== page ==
Collected Poems, 1909-1962

ISBN-10: 0571105483

ISBN-13: 9780571105489

Edition: 1974

Authors: T. S. Eliot

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Book details

Copyright year: 1974
Publisher: Faber & Faber, Limited
Binding: Paperback
Pages: 240
Size: 5.25" wide x 8.00" long x 0.75" tall
Weight: 1.012
Language: English

T. S. Eliot is considered by many to be a literary genius and one of the most influential men of letters during the half-century after World War I. He attended Harvard University, with time abroad pursuing graduate studies at the Sorbonne, Marburg, and Oxford. The outbreak of World War I prevented his return to the United States, and, persuaded by Ezra Pound to remain in England, he decided to settle there permanently. He published his influential early criticism, much of it written as occasional pieces for literary periodicals. He developed such doctrines as the "dissociation of sensibility" and the "objective correlative" and elaborated his views on wit and on the relation of tradition to the individual talent. Eliot by this time had left his early, derivative verse far behind and had begun to publish avant-garde poetry (including "The Love Song of J. Alfred Prufrock" (1915), which exploited fresh rhythms, abrupt juxtapositions, contemporary subject matter, and witty allusion. This period of creativity also resulted in another collection of verse (including "Gerontian") and culminated in The Waste Land, a masterpiece published in 1922 and produced partly during a period of psychological breakdown. In 1922, Eliot became a director of the Faber & Faber publishing house, and in 1927 he became a British citizen and joined the Church of England. Thereafter, his career underwent a change. With the publication of Ash Wednesday in 1930, his poetry became more overtly Christian. As editor of the influential literary magazine The Criterion, he turned his hand to social as well as literary criticism, with an increasingly conservative orientation. His religious poetry culminated in Four Quartets, published individually from 1936 onward and collectively in 1943. This work is often considered to be his greatest poetic achievement. Eliot also wrote poetry in a much lighter vein, such as Old Possum's Book of Practical Cats (1939), a collection that was used during the early 1980s as the basis for the musical, Cats. In addition to his contributions in poetry and criticism, Eliot is the pivotal verse dramatist of this century. He followed the lead of William Butler Yeats in attempting to revive metrical language in the theater. But, unlike Yeats, Eliot wanted a dramatic verse that would be self-effacing, capable of expressing the most prosaic passages in a play, and an insistent, undetected presence capable of elevating itself at a moment's notice. His progression from the pageant The Rock (1934) and Murder in the Cathedral (1935), written for the Canterbury Festival, through The Family Reunion (1939) and The Cocktail Party (1949), a West End hit, was thus a matter of neutralizing obvious poetic effects and bringing prose passages into the flow of verse. Recent critics have seen Eliot as a divided figure, covertly attracted to the very elements (romanticism, personality, heresy) he overtly condemned. His early attacks on romantic poets, for example, often reveal him as a romantic against the grain. The same divisions carry over into his verse, where violence struggles against restraint, emotion against order, and imagination against ironic detachment. This Eliot is more human and more attractive to contemporary taste. During his lifetime, Eliot received many honors and awards, including the Nobel Prize for literature in 1948.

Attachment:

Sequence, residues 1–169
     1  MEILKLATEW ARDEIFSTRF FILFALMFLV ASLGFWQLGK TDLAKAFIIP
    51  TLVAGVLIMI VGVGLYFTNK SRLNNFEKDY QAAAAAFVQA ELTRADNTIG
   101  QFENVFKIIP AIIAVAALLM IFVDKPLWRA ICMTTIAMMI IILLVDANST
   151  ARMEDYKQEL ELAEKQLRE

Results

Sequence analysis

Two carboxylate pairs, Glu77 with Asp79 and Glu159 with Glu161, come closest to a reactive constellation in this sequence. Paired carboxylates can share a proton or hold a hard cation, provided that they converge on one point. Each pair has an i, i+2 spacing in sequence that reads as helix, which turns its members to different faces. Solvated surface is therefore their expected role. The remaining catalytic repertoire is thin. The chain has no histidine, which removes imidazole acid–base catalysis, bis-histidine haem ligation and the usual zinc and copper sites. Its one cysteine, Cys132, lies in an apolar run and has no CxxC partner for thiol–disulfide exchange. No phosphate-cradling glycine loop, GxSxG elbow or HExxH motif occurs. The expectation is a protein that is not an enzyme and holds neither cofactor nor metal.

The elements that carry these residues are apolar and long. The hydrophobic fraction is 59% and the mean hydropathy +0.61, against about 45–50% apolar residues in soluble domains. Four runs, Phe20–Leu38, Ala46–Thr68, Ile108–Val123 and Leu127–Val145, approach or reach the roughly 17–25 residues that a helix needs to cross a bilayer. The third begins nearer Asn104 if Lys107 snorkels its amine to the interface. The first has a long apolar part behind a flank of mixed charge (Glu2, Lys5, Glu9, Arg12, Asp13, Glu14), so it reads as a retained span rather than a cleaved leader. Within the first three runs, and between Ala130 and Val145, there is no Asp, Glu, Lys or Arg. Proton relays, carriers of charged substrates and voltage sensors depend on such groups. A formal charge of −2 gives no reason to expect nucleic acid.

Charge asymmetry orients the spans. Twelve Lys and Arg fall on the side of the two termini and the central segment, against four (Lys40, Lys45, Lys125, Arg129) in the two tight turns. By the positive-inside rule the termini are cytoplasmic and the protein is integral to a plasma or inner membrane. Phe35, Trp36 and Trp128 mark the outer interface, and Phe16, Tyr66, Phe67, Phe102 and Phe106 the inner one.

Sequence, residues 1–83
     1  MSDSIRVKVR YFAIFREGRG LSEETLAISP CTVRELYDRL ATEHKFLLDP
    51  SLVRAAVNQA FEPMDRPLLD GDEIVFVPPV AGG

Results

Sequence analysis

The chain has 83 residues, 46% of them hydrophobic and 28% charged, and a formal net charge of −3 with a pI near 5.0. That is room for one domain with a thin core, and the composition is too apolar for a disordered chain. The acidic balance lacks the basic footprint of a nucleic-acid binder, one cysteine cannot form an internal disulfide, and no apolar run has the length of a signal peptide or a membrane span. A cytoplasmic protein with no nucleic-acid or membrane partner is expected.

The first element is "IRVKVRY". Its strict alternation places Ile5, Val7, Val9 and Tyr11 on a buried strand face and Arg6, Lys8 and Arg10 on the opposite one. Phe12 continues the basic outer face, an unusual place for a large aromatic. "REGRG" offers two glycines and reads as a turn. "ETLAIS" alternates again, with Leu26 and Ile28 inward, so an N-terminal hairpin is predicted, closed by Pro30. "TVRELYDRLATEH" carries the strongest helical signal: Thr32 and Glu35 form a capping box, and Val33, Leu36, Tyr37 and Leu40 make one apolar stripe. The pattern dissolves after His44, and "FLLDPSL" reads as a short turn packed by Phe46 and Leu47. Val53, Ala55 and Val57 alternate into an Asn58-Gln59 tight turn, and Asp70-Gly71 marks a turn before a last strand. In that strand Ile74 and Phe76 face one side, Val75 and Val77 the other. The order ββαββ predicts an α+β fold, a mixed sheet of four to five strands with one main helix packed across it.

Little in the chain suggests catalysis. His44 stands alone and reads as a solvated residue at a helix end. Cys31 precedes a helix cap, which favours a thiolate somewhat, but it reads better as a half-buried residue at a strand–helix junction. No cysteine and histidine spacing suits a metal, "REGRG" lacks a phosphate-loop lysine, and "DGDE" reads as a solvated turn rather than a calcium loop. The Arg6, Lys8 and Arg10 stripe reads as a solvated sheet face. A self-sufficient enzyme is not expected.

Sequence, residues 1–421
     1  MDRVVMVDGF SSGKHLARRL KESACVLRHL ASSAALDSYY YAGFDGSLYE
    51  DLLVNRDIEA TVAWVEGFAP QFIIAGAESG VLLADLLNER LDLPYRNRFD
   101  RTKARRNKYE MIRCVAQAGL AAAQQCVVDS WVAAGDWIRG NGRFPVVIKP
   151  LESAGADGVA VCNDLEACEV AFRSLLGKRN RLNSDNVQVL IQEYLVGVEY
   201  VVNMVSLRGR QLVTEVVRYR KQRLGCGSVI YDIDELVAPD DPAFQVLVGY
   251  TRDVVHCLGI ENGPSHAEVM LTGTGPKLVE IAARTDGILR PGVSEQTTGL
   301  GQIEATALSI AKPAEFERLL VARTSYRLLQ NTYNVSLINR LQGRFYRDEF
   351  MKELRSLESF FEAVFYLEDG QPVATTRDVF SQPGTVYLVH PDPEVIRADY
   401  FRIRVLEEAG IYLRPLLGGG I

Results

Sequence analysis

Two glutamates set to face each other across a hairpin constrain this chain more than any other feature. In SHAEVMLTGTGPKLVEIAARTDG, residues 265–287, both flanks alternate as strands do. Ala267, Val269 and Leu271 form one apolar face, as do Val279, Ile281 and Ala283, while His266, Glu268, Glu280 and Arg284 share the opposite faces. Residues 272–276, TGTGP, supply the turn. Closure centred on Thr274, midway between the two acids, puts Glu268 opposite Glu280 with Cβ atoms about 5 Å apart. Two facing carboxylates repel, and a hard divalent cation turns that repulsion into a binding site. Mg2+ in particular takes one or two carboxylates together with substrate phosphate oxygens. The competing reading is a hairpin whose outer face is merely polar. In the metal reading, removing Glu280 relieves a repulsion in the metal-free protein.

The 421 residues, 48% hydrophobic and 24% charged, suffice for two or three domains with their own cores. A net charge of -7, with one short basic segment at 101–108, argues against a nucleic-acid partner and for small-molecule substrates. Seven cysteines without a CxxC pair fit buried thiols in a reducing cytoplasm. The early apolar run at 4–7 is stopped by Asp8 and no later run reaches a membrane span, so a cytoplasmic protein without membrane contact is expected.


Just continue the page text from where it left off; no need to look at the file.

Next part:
The Love Song of J. Alfred Prufrock
Portrait of a Lady
Rhapsody on a Windy Night
Morning at the Window
The Boston Evening Transcript
Aunt Helen
Cousin Nancy
Mr. Apollinax
Conversation Galante
La Figlia che Piange
Burbank with a Baedeker: Bleistein with a Cigar
Sweeney Erect
A Cooking Egg
Le Directeur
Melange Adultere de Tout
Lune de Miel
The Hippopotamus
Dans le Restaurant
Whispers of Immortality
Mr. Eliot's Sunday Morning Service
Sweeney Among the Nightingales
The Waste Land--1922
The Burial of the Dead
A Game of Chess
The Fire Sermon
Death by Water
What the Thunder Said
Notes on 'The Waste Land'
The Hollow Men--1925
Because I do not hope to turn again
Lady, three white leopards sat under a juniper-tree
At the first turning of the second stair
Who walked between the violet and the violet
If the lost word is lost, if the spent word is spent
Although I do not hope to turn again
Ariel Poems
Journey of the Magi--1927
A Song for Simeon--1928
The Cultivation of Christmas Trees--1954
Unfinished Poems
Sweeney Agonistes
Fragment of a Prologue
Fragment of an Agon
Triumphal March--1931
Difficulties of a Statesman
Minor Poems
Eyes that last I saw in tears
The wind sprang up at four o'clock
Five-finger exercises
Lines to a Persian Cat
Lines to a Yorkshire Terrier
Lines to a Duck in the Park
Lines to Ralph Hodgson Esqre
Lines for Cuscuscaraway and Mirza Murad Ali Beg
New Hampshire
Rannoch, by Glencoe
Cape Ann
Lines for an Old Man
Choruses From 'the Rock'--1934
The Eagle soars in the summit of Heaven
Thus your fathers were made
The Word of the Lord came unto me, saying
There are those who would build the Temple
O Lord, deliver me from the man of excellent intention and impure heart
It is hard for those who have never known persecution
In the beginning God created the world
O Father we welcome your words
Son of Man, behold with thine eyes, and hear with thine ears
You have seen the house built, you have seen it adorned
Four Quartets
Burnt Norton--1935
East Coker--1940
The Dry Salvages--1941
Little Gidding--1942
Occasional Verses
Defense of the Islands
A Note on War Poetry
To the Indians Who Died in Africa
To Walter de la Mare
A Dedication to My Wife
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